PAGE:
2 Copyright © 2007 by ASMEA set of labyrinth seals has been designed based on the aboveoptimisation and tested in the compressor. The results havebeen compared with the CFD prediction.
In a screw compressor, a pair of intermeshing helical screwrotors is housed in the housing. The rotor with profile outsidethe pitch circle is called male or main rotor, the rotor withprofile inside the pitch circle is called female or gate rotor. Theball bearing on the rotors takes axial forces of the screwcompressor. Similarly, the cylindrical roller bearing on bothends of the rotor receives radial forces from the screwcompressor. Screw compressors are same as piston compressorsin the principle of the rise of the air pressure, one rotor acts aspiston and other forms as cylinder in screw compressor andboth belong to positive displacement compressors.Seals are devices provided in all compressors and turbines.Labyrinth (Laby) seals are characterised as controlled clearanceseals without rubbing contact with the moving parts and withsome tolerable leakage. As is most usually the case, the sealhere is stationary and the shaft is rotating. Refer the Fig -1 forgeometry and boundary condition of the analysis.One of the earliest mathematical treatments of Laby seals wasby Egli  in the 1930’s where an idealised flow equation wasderived with empirically determined correction factors. Thismodel was the subject of study in this work against which thenumerical (CFD) model was built up.The heat transfer coefficients output from the flow analysiswere used in the thermo-structural analysis of the housing–sealsystem along with empirical thermal coefficients for coolingwater and high temperature air flows. The combined expansioneffect was observed.
m = Leakage rate in kg/sA = Area in m2P = Pressure in barV = Velocity in m/sK = Index of expansion (1.4)
= Upstram Density
= Flow coefficient
= Leakage function
= Carry over correction factor
= Pressure ratio = P
= Upstream pressureP
= Down stream pressuren = Number of throttling(or) number of fins
= Kinematic visocity of hot and cold medium, m2/sec
- Thermal expansion coefficient of housing, m/mdegCR
- Housing and seal radius, mT
- Temperature of housing and reference, degCV
- Velocity of hot and cold fluid, mD - Hydraulic mean diameter, mh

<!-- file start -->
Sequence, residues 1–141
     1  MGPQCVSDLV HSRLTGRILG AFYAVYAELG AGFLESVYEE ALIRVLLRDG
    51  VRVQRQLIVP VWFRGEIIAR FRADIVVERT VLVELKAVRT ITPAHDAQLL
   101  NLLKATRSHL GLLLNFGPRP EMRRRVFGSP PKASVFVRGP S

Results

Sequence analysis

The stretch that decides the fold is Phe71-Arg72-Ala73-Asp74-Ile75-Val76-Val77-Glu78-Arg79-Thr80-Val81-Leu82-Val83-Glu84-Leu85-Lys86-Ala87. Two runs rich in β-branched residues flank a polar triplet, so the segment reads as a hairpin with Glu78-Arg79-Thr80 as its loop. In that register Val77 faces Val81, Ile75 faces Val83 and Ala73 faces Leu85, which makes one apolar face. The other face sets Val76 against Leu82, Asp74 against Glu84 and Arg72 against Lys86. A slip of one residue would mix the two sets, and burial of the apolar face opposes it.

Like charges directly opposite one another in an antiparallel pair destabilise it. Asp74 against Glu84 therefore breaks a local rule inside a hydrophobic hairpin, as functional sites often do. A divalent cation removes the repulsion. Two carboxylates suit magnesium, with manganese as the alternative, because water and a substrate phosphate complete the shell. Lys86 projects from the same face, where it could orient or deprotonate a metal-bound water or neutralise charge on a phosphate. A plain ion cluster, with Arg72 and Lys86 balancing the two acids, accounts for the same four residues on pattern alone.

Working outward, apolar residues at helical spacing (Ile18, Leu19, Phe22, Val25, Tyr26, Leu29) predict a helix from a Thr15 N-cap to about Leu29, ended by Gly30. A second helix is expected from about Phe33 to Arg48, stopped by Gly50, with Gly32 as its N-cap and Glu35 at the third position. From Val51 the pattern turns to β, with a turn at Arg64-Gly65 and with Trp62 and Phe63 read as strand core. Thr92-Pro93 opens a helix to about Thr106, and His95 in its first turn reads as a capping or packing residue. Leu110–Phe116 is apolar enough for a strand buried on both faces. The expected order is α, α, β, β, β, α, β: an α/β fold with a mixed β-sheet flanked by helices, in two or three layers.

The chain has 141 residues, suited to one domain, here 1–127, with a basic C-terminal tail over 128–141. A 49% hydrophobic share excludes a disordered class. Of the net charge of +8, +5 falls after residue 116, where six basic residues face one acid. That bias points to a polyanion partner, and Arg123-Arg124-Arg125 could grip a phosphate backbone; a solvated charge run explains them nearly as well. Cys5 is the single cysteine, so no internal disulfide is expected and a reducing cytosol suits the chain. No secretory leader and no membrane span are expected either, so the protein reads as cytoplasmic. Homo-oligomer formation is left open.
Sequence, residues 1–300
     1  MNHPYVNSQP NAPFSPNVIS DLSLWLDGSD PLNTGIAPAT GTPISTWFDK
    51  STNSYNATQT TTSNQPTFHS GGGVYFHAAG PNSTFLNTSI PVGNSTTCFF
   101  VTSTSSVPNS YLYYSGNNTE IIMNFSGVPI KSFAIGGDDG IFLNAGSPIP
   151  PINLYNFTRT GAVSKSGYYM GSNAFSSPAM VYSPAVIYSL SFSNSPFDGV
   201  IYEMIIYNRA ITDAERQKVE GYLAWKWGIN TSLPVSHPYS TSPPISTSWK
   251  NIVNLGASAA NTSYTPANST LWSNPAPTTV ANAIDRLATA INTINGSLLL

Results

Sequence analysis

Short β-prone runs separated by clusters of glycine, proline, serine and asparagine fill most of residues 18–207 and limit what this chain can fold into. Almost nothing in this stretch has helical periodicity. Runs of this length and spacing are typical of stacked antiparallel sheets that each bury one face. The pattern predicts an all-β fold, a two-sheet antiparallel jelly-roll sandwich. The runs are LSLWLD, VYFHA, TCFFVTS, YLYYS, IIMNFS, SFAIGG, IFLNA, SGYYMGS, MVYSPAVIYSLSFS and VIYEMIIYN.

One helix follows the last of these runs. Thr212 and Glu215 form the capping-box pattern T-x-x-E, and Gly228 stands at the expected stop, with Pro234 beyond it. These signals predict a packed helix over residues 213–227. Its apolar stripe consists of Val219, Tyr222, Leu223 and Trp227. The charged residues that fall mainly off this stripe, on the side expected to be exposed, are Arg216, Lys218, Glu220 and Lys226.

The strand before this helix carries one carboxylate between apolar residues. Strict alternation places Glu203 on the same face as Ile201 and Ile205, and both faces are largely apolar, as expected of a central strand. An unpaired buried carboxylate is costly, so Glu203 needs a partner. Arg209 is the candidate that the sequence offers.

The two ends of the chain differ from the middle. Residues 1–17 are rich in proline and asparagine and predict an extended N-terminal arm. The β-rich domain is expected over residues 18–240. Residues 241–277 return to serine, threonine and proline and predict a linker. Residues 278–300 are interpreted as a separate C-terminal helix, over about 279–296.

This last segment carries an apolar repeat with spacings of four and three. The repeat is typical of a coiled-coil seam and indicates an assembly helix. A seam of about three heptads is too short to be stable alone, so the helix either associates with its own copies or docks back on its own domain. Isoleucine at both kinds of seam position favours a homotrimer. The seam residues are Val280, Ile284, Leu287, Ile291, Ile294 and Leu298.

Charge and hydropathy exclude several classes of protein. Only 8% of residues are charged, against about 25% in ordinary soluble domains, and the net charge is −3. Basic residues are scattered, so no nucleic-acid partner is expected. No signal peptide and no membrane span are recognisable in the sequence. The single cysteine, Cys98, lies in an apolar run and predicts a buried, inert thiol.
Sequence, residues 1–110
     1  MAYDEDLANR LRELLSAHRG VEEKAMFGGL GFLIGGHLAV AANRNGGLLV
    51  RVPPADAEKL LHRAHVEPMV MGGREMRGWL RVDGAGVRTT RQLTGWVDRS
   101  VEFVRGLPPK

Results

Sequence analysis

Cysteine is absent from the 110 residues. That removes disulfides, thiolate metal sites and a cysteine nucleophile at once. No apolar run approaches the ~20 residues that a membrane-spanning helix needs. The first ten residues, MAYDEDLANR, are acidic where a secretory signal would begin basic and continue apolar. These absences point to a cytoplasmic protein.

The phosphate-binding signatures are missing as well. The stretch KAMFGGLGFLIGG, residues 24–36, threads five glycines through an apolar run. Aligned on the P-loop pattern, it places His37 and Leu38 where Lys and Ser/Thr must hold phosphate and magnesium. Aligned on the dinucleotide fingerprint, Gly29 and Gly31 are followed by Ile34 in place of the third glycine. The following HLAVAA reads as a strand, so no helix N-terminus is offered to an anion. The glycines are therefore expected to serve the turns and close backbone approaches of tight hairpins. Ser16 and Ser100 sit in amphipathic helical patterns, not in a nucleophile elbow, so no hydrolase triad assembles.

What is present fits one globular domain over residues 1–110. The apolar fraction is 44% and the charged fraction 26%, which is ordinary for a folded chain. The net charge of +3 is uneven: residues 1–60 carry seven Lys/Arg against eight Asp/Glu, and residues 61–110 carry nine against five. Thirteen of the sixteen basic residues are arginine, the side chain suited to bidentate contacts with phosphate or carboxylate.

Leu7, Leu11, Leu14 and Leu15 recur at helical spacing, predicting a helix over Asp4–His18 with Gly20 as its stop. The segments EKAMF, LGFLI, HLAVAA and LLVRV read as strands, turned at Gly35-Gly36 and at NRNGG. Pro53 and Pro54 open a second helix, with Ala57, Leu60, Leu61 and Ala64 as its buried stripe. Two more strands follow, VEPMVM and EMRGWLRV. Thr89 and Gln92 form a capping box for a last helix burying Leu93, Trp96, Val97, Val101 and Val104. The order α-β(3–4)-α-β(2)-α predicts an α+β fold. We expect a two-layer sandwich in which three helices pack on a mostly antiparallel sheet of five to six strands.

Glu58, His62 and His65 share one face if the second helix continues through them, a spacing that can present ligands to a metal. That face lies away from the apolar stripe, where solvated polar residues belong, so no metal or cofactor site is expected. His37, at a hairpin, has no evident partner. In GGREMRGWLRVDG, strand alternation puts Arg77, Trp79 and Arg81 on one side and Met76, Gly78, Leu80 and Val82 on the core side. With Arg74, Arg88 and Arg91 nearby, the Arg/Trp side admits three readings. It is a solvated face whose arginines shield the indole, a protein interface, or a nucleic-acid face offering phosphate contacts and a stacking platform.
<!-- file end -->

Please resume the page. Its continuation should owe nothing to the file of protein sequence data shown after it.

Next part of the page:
- Heat transfer coefficient of hot, cold fluid, W/m2K
– Thermal conductivity of hot, cold fluid, W/mKR
- Reynolds number of hot, cold fluidP
- Prandtl number of hot, cold fluidN
- Nusselt number of hot, cold fluid
– Thermal expansion of housing and seal, mm
THEORETICAL ANALYSIS OF LABYRINTH SEALS
In a labyrinth seal; as the fluid flows from high pressure to lowpressure; it is forced to change directions and expand in stages.Airflow is assumed to be compressible and each stage isconsidered as a throttling. As air passes through the orifice, theentropy remains constant, while the pressure decreases owing tothe throttling. This will cause the velocity of air to increase. Thepressure in the cavity is taken as uniform.
Initially, flow is considered as the isentropic expansion of acompressible fluid through a single ideal orifice. Later this isextended to include more than one orifice.Although the effects of rotation are neglected, this modelincludes an experimentally determined coefficient to accountfor the effects of kinetic energy carry-over in straight –throughseals. Empirical values of the carry-over coefficient as afunction of the number of throttles and the clearance to pitchratio are used. In addition, a flow coefficient to compensate forthe effects of friction and for the contraction of the flow throughthe seal throttles is employed. Graphs yield the variation of flowcoefficient as a function of the number of throttles, sealclearance, tooth thickness and overall pressure ratio.
MATHEMATICAL EXPRESSION TO CALCULATE THELEAKAGE RATE THROUGH THE LABYRINTH
The final equation for flow through ‘n’ throttlings is:
ρ γ αψ
( )( )
β β ψ